Why do companies go public?

+96 votes
asked Aug 5, 2019 in Career & Work by Ellen (730 points)
edited Aug 6, 2019
I don’t have a finance or business background and would like to know why companies go public? What does go public even mean? Is there some advantage to it? The last one I read about was Facebook going public and their stock price went down hard immediately. It was all over the news, but I never know what it supposed to mean? If such a big company like Facebook would go through something that terrible, there must be a reason for it. So why do companies take the trouble to go public?

4 Answers

+19 votes
answered Aug 10, 2019 by Nihat (910 points)
edited Aug 13, 2019
To understand why companies will “go public,” we need to understand what “going public” means first. “Going public” means that a company could offer securities for sale to the general public and receive a spot in the stock exchange listings. The process known as an initial public offering, or IPO, is the company first sale of stock. With the sale comes money. Indeed, it is one way to gain capital to expand a company. It allows a company to expand their source of financing, outside of borrowing from banks and sometimes to reduce their debt. If you are a small start-up company, going big might be a huge problem since their shareholders or investors might not want to provide them with the funding. Since they are a new business and all, banks will be less willing to lend you the money at a good rate. The company, however, would need to disclose all their financial information in order to go public. Investors and analysts would then buy the shares if they find the potential to grow in the company. Essentially, going public create more means for a smaller company to gain capital to expand.
+10 votes
answered Aug 13, 2019 by Hamood (1,430 points)
edited Aug 13, 2019

Company awareness is raised as it went public. Call it free advertising of a sort, private companies that decide to go public usually are already doing decently in the market. Their IPO could create hype and attract tons of attention from all the investors and the press, more than what the company marketing itself could afford.

It is also about the prestige. By being the center of the attention, the company would try it’s best to gain favors among the people. They want them to raise fund for them, to believe that they would grow. For the general public too, say if a company that is going public is selling hair product, the free extra exposure in the news would certainly increase the product awareness, increasing sales and profits alike. Every company knows how important marketing is, pretty much why the pharmaceutical industry spends much more on marketing than the actual drug itself. Going public could literally mean introducing the company to the public.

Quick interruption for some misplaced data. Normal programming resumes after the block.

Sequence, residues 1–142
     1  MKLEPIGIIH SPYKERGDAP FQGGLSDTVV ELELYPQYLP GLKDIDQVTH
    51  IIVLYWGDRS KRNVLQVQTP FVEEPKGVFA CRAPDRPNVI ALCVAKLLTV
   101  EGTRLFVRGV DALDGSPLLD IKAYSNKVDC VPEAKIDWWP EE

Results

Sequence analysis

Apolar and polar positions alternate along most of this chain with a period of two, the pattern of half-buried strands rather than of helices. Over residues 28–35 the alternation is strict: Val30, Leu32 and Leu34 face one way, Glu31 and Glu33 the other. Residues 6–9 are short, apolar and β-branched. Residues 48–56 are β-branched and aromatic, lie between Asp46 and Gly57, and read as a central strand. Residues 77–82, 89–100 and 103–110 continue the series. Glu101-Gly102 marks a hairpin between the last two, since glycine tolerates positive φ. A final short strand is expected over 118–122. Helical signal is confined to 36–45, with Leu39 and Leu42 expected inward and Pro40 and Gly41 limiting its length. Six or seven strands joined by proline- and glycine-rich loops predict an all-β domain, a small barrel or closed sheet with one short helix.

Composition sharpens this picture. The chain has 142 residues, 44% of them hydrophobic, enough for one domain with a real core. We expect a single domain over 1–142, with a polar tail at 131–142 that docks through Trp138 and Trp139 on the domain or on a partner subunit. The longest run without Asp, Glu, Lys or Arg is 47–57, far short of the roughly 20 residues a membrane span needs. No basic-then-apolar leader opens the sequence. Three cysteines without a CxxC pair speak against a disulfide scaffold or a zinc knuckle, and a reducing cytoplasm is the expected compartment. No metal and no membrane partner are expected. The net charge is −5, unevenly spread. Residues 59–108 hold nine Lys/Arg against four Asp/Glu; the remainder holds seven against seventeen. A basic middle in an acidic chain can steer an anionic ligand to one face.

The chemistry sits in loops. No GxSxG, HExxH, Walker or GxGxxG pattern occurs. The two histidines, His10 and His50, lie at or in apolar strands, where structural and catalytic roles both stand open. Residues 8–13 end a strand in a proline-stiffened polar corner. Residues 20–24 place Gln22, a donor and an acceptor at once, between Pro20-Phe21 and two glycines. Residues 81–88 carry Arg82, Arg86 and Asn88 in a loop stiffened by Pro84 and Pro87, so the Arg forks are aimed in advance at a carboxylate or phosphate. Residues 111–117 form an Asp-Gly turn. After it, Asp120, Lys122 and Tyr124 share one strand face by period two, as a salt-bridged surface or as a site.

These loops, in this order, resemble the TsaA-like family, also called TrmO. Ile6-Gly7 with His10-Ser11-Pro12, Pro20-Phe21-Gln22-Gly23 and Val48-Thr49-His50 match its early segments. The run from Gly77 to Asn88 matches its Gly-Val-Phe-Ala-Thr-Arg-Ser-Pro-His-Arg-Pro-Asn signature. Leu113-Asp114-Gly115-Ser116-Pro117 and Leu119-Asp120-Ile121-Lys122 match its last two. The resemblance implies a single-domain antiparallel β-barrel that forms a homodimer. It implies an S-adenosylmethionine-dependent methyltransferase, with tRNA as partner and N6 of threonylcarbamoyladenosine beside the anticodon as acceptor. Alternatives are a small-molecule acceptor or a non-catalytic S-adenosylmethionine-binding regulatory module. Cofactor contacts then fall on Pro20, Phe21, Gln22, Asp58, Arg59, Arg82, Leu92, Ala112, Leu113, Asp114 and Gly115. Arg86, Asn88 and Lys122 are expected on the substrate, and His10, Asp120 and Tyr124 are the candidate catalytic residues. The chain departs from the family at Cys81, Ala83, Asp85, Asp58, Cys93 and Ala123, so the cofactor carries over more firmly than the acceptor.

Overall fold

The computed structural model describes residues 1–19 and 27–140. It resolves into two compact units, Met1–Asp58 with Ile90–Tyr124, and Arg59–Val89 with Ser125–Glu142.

+4 votes
answered Aug 6, 2019 by neida (680 points)
edited Aug 10, 2019 by Kris
Going public provides liquidity to the shareholders, the investors could easily exchange the stocks purchased for cash. This liquidity increases the price of the stocks in comparison to staying as private, the stocks are freely traded, investors are willing to pay more for the extra liquidity and thus more money for the company. The initial “valuation” might put the company in the better standing, with higher estimated price if the company is doing superbly well as private. I believe this is the main reason why do companies go public.

However, in the case of Facebook, its initial stock price was overestimated, due to greed as usual, and immediately plunging the price down as people do have access to all the information of how well the company’s “going public” is doing. Facebook was facing some issue with advertising income, only priced higher due to all the hype surrounding it, of course with the analysts wanting to cash in on the craze. That didn’t go well for them, although Facebook climbed back to its initial estimated price years later.
0 votes
answered Aug 14, 2019 by Mareva (640 points)
edited Aug 14, 2019 by Kris
Every company dreams of being a company that is huge enough so that it will be acquired by another bigger company. The thing about an acquisition is that big companies take over the small companies and expand it further, but now with a new brand name and leader, small companies lose that individuality.

While, in one way, it provides tons of funding, on the other hand, they lose their individuality as the independent company. If they, the small companies, believe that they have a strong market presence, they could instead try for an IPO and earn that funding themselves, growing without the help and intervention of another bigger senior. Future success as an independent will raise the price of stock even further than it in an acquisition. So, why do companies go public? Because that opportunity gives the underdogs the confidence that one day they will be one of the giants.
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